Once upon a time, there was a fast talking, chain-smoking bisexual Texan pastor named Robert who sat me down and gave me a stern talking to.
“Listen Stephen,” he said. “The world is full of assholes. And if you lose your sanity over them – if you lose your happiness because some asshole out there thinks you shouldn’t get married, or thinks of you as less than human, what then? Have you changed their minds? No. You’ve just lost your own life to them. You’ve let them win. They’re still assholes, and you’ve sacrificed your happiness to them. Why should you give a fuck what they say, man? Live your life.”
This is a condensed version of a sermon that went on four nearly 45 minutes, between long drags on cigarettes.
This conversation stands as a turning point in my life. It was hard to hear – at every turn I wanted to shout, “But you don’t understand! I grew up in the conservative church. I grew up being tortured in ex-gay ministries.” But it was a sermon I needed to hear, nonetheless.
I’d been so wounded by the church growing up, and I’d been so inflamed and angry over their views of gay people, that it never occurred to me that I could live my life fully in spite of what others thought of me. To me, living a good life meant correcting every backwards notion every Christian in the world has about gay people. Until someone’s thoughts about me were fixed, I couldn’t be happy.
This was a holdover from teenage years, where I was really was held hostage by the thoughts of the Christians around me. There was no escaping my Christian bubble, and the ministries they sent me to, the prayer meetings they subjected me to in order to rid me of my orientation.
But now, as an adult, living on my own and in a state where gay marriage was is (finally) legal, I still believed that I was held hostage. I still believed that the beliefs of other people completely determined my own freedom and happiness. Robert’s sermon was the first time in my life that I realized that I didn’t have to let the views of other people control my life. I realized that there was a word for that: codependency. I was codependent on every single conservative in the world who thought my life was sinful, and it drove me insane, sapping away all my happiness.
Reality Vs. Fantasy
Let’s back up. I’ve already made this point in the previous paragraphs, but I feel that it is crucial to make it again. There are moments when we really are held captive by the toxic beliefs of others: Being a gay teenager in a conservative Baptist or charismatic family. Being drawn into ex-gay ministry. Being surrounded by people of monochrome, antigay belief, with no community to support you. Being in a region that does not allow – or even persecutes – gay relationships. These are all genuine forms of captivity.
However, many of us are not in that situation anymore. So when I encounter someone who does not support homosexuality, I ask myself a series of questions:
- Does this person want to kill me or hurt me in any way?
- Does this person want to hurt my partner?
- Does this person have the ability to limit my freedoms?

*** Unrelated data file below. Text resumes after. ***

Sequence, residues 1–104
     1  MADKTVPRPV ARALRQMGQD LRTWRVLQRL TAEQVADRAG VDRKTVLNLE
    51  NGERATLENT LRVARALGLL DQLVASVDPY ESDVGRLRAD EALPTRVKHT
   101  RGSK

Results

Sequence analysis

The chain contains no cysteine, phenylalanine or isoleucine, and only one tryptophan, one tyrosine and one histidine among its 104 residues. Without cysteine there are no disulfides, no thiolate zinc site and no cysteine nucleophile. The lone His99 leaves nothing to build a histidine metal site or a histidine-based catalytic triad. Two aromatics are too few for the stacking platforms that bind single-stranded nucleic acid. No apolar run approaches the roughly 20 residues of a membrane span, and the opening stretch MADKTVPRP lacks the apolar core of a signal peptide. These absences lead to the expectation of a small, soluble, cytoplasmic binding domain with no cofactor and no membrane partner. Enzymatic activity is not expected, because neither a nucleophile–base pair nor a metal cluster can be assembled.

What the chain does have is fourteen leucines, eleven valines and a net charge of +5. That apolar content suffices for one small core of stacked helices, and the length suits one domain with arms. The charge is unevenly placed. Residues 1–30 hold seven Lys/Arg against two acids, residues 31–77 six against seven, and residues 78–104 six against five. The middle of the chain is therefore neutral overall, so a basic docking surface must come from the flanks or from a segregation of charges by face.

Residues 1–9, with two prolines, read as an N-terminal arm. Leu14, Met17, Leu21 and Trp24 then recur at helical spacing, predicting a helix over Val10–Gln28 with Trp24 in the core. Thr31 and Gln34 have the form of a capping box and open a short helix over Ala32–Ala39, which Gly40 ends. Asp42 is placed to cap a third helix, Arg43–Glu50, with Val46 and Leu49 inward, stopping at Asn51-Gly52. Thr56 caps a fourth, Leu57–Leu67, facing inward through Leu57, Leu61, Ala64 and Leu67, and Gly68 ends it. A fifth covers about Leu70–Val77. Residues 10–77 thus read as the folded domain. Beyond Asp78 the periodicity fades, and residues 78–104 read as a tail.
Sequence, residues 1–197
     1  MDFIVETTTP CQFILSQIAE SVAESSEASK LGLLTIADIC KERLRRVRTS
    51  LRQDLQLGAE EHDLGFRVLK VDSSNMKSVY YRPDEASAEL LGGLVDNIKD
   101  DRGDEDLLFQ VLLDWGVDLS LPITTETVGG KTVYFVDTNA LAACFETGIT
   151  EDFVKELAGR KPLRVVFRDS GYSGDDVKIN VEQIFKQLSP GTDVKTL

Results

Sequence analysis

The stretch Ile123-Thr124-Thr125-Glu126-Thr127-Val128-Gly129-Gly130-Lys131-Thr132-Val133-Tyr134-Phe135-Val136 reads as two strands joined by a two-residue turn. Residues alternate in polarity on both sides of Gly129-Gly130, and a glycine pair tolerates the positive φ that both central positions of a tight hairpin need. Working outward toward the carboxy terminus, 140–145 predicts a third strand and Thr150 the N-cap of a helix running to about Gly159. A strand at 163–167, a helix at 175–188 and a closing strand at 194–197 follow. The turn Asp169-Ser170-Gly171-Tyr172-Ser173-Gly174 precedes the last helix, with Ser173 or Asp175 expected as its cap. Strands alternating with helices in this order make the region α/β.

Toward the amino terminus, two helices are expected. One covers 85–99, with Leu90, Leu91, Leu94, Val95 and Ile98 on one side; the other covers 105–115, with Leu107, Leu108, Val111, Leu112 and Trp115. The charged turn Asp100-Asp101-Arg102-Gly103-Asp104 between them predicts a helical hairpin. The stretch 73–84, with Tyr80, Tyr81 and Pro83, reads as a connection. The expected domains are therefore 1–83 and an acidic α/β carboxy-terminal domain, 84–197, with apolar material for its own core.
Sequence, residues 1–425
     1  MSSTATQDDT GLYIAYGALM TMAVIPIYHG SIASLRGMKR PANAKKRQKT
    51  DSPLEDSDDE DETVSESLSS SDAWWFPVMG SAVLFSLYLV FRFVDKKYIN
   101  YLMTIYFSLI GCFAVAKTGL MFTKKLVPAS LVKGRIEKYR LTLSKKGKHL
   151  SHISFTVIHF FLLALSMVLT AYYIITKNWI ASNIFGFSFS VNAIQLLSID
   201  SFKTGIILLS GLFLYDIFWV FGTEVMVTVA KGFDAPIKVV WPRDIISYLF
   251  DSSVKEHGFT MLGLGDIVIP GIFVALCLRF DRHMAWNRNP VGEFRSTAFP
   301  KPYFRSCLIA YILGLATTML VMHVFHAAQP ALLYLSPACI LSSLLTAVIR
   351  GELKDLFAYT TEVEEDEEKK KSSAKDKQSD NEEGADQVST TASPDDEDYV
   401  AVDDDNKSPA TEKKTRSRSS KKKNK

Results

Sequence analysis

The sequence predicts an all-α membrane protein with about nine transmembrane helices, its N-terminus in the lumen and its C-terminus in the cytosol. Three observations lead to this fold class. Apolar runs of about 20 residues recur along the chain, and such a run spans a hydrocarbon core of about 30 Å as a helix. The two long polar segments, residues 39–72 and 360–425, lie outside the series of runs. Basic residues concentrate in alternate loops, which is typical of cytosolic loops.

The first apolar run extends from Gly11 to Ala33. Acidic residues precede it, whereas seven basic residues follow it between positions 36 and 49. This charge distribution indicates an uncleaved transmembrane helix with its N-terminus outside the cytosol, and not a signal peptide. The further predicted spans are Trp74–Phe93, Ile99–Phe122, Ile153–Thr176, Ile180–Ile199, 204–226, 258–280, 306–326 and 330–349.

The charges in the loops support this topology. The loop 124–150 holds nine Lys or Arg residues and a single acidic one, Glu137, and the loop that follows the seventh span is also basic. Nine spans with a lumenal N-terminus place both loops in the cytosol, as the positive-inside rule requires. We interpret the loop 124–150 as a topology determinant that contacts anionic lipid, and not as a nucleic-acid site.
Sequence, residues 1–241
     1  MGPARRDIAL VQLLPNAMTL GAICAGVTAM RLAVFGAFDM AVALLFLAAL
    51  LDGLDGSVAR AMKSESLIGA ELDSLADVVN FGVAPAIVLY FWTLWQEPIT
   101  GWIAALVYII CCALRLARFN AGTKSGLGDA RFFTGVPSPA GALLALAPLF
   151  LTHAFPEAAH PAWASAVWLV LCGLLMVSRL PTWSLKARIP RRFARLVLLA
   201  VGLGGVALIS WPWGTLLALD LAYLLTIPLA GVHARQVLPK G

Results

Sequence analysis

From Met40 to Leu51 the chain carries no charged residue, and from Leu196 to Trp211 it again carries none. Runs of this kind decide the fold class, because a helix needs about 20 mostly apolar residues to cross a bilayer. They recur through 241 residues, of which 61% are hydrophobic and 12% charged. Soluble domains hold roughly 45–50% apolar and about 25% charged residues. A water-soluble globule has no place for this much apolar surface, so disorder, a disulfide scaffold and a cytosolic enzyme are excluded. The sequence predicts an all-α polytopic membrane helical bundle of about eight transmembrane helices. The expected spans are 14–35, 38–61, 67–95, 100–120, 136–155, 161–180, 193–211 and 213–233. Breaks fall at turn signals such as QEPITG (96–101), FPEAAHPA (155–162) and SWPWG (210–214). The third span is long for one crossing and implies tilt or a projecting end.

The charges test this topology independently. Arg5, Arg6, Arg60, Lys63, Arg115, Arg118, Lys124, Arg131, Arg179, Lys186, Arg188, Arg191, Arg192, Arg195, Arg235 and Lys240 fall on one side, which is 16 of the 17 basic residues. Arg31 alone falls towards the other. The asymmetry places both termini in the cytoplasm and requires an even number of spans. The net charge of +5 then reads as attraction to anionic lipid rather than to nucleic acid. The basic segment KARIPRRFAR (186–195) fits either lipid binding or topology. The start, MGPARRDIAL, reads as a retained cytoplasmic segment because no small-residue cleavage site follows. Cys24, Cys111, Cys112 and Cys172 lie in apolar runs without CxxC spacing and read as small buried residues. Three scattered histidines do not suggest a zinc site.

- Does this person have the power to control me?
If the answer to these questions is no, I move on. Why give my power to such a person? They may look and sound so very much like those who held me captive in my teenage years, but I am an adult now. If I give them my power and energy, I perpetuate the captivity.
People are Real, and They Can Hurt Us
None of this is to say that it doesn’t hurt. It hurts very much indeed, to be seen by other human beings as an outsider, as sinful, as broken. It hurts to be barred from rights you believe are yours, and it hurts to have your most important relationship maligned as sinful. That hurts, and it still hurts me.
I slowly came to learn that not being held hostage does not mean pretending the beliefs of others don’t hurt. Living in the south, I am surrounded by people who believe homosexuality is a sin. There’s always that twinge of shame, that little pulse of anger and hurt I feel in my veins, even if it is barely perceptible. It’s real, and I live with it every day. But I’m also learning that I can live fully in spite of it.
Solveable Problems and Perpetual Problems
A therapist once explained to me a concept that has changed my life: solvable problems and perpetual problems.
A solvable problem is just that: solvable. It is something that can be worked through, and then is resolved. But a perpetual problem is something we have no control over. The classic example of a perpetual problem are in-laws who don’t approve of the relationship.
When confronted with a perpetual problem, we have a choice. We can let it destroy us, or we can compartmentalize it and learn to live fully in spite of it.
The beliefs of others are a perpetual problem. We are powerless over the beliefs of others. There will always be people who believe that gay people are broken, evil, or sinful. That’s a fact of life, and we are presented with a choice: let it destroy us, or live life fully in spite of it.
The Greatest Argument
I’ve learned that the greatest weapon against wrong beliefs is to live fully in spite of them. If anything has the power to change minds, and to change the world, it is this: living as brightly, fully, and unapologetically as I can. There is no greater light, there is no greater argument, and there is no greater example to young LGBT people.